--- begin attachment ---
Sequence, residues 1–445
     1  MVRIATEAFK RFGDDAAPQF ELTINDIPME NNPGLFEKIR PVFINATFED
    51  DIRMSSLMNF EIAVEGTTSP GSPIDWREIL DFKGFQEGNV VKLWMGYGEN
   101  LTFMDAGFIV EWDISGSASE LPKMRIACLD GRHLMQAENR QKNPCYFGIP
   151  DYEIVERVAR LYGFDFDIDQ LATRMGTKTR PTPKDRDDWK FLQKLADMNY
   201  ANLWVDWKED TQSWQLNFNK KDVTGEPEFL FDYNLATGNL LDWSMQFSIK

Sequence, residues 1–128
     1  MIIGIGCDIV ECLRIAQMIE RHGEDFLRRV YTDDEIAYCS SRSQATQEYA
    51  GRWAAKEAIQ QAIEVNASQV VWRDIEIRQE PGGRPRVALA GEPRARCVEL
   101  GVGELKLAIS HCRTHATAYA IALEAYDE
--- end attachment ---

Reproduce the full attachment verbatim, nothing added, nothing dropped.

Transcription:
Sequence, residues 1–445
     1  MVRIATEAFK RFGDDAAPQF ELTINDIPME NNPGLFEKIR PVFINATFED
    51  DIRMSSLMNF EIAVEGTTSP GSPIDWREIL DFKGFQEGNV VKLWMGYGEN
   101  LTFMDAGFIV EWDISGSASE LPKMRIACLD GRHLMQAENR QKNPCYFGIP
   151  DYEIVERVAR LYGFDFDIDQ LATRMGTKTR PTPKDRDDWK FLQKLADMNY
   201  ANLWVDWKED TQSWQLNFNK KDVTGEPEFL FDYNLATGNL LDWSMQFSIK

Sequence, residues 1–128
     1  MIIGIGCDIV ECLRIAQMIE RHGEDFLRRV YTDDEIAYCS SRSQATQEYA
    51  GRWAAKEAIQ QAIEVNASQV VWRDIEIRQE PGGRPRVALA GEPRARCVEL
   101  GVGELKLAIS HCRTHATAYA IALEAYDE